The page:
Recently my Curse of the Crimson Throne campaign reached 9th level. Half of my players are what you could call ‘narrativists’ – they read fantasy novels, watch fantasy movies and want all those clichés to happen in their games. Things like redemption, corruption and death – and by ‘death’ I mean ‘final death’, including the monologues by the dying. Yes, no gonzo or light-hearted stuff here, which is a shame since I’ve been reading lots of OD&D material that thrives on that style. Nevertheless, I have amazing players and I’m not letting taste issues destroy our entertainment.
As some you can guess, 9th level marked the spot where my gaming group decided that they don’t want raise dead in our Pathfinder games. Death should be ‘dramatically’ significant and resurrection should be something that comes only from divine intervention (literally a miracle). Actually, after talking with them I figured out that what they don’t want is high-level traditional D&D. It’s curious, but requests like this only confirm my suspicions that 10th level should be the official end-game of all my d20 RPGs (possible exceptions including 4E, OD&D/BECMI and – maybe – AD&D).
Anyway, thanks to the dark gods of Paizo, I didn’t have to break my head over the issue. I just banished raise dead and resurrection from my game and started to use Hero Points, from the Advanced Player’s Guide. This is probably my all-time favorite rule from Pathfinder, given that it allows me to use some FATE principles on my d20 games.
Player character now gains Hero Points and can use them to Cheat Death. However, although one of my premises with this campaign was to run rules RAW, I give in to my designer dark side and changed some things. I don’t give 1 Hero Point per level, as predetermined by the APG. I give Hero Points when the PCs are dramatically and appropriately heroic – I want to encourage this behaviors because Paizo’s Aventure Paths are usually about saving the world (‘world’ here can mean your city, your region and not necessarily the whole planet/plane). I also like to give Hero Points as an alternative reward system – they’re something a lot more “concrete” than XP and not so unbalancing like magic items, new powers or permanent bonus. And finally, they’re an awesome metagame tool to simulate the dramatic structure of novels or movies – with Hero Points on the table you can bet that the hero will usually die only in the final battle (or in an otherwise significant encounter).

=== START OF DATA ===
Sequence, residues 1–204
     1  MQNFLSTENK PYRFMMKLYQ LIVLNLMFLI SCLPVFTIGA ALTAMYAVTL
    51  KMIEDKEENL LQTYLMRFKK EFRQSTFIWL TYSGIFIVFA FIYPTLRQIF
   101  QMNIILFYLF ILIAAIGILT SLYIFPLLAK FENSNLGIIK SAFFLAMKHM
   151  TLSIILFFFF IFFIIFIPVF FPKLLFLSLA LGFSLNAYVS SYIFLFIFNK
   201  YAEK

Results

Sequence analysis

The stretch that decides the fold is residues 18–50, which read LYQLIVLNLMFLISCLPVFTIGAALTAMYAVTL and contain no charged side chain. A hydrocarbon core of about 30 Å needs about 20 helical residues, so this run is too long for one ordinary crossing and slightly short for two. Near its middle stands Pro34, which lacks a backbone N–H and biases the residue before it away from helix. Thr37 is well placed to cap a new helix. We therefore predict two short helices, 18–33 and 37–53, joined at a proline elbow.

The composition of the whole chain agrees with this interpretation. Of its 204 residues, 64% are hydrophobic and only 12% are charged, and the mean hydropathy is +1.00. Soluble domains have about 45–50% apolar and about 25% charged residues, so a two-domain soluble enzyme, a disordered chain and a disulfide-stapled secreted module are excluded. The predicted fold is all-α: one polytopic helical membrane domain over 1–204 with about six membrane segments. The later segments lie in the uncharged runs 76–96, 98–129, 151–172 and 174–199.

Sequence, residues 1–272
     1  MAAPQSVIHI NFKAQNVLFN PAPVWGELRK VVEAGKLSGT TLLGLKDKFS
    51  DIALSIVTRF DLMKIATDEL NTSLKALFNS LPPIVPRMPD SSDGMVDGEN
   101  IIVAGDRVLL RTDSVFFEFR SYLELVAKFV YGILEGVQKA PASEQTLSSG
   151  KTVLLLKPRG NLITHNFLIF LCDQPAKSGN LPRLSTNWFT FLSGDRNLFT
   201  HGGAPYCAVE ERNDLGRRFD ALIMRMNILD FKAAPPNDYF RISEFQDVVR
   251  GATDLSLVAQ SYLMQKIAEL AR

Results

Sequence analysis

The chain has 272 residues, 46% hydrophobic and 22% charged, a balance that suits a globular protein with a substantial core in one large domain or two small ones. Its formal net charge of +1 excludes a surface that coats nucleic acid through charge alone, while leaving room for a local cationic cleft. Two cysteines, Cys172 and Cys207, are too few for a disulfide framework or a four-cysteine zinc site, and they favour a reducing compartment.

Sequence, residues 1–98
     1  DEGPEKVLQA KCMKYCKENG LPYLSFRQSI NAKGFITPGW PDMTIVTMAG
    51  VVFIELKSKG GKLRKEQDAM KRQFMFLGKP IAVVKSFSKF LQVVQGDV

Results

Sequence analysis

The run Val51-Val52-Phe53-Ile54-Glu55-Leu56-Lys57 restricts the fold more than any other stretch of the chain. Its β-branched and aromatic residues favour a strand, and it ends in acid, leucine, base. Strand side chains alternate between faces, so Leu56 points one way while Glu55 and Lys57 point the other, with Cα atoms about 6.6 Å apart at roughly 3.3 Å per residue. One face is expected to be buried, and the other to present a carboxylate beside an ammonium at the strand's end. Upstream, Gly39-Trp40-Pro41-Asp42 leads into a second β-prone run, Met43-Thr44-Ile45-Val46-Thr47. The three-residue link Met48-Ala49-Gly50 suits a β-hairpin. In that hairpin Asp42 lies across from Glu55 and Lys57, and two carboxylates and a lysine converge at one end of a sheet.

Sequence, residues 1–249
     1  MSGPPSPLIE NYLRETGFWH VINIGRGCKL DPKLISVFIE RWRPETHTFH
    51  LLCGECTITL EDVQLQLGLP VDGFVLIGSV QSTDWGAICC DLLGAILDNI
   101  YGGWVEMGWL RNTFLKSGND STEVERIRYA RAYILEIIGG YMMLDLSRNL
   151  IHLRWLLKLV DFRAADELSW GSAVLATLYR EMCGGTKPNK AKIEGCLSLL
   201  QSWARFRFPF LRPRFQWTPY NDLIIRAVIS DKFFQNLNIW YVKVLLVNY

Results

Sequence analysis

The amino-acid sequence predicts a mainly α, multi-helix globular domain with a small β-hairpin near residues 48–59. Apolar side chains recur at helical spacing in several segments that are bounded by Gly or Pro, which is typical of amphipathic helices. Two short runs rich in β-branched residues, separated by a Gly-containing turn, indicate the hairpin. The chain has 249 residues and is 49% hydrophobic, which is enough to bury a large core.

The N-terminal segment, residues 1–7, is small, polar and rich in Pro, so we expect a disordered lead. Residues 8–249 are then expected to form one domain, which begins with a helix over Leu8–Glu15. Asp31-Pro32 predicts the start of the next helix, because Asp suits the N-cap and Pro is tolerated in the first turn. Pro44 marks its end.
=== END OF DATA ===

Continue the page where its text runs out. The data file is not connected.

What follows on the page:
Because I removed raise dead magic and don’t give Hero Points every level, I allow my players to Cheat Death by paying just 1 Hero Point.
So, Hero Points are amazingly customizable. Here are a few other suggestions:
- You can use Hero Points to stress a low-fantasy campaign. For example: potent spells and save-or-die dweomers now require 1 Hero Point (or Villain Point) to be cast/activated. Spells like raise dead could also require 1 Hero Point from the victim to work – this easily simulates the fact that just heroes, touched by Fate, can cheat Death (and even then, just a few times). Some class features may also require Hero Points.
- Hero Points can be used to balance characters with different power levels. This can be applied to parties with powerful races (like a minotaur or a full-fledged celestial) or just with divergent character levels. It also allows troupe-style parties to work better: while player A and B control the archmage and his cohort, the rest of the party control their followers and gain Hero Points. People that like Tolkien-like uber-Elves could use them freely by giving Hero Points to the other races (I believe that Warhammer Fantasy 2nd does just that).
- Hero Points can represent the favor of the Gods and thus add a cool mythological bent to your game. Heroes who follow the right ethos and perfom quests that honor a particular deity gain ‘boons’ in the form of Hero Points.
- Hero Points can be used to allow wild and rule-breaking stunts (or ad hoc spell modifications). Spent a Hero Point and do something different or cool with you class and racial features or abilities.
- In games where honor and fatalism are rewarded (like Samurai and Viking campaigns), you can allow a player to pass his Hero Points (maybe with a bonus) to his next PC if the previous died honorably and gained entrance into Valhalla.
- Hero Points can reward behaviors not supported by Pathfinder rules in general. For example: the classical scene where the hero/king/etc. is buried with his magical gear. This would never happen in a normal D&D games, unless you gave Hero Point to all PCs for honoring their fallen ally/sire.
If you have any other ‘house rule’ for Hero Points, I’m very interested in hearing them. So, please, feel free to post them here.
I also recommend Hero Points to other d20 games (or even non-d20). They’re easy to understand and can help lots with the modulation of your campaigns. They’re a great add-on to solo d20 campaigns, particularly at lower levels.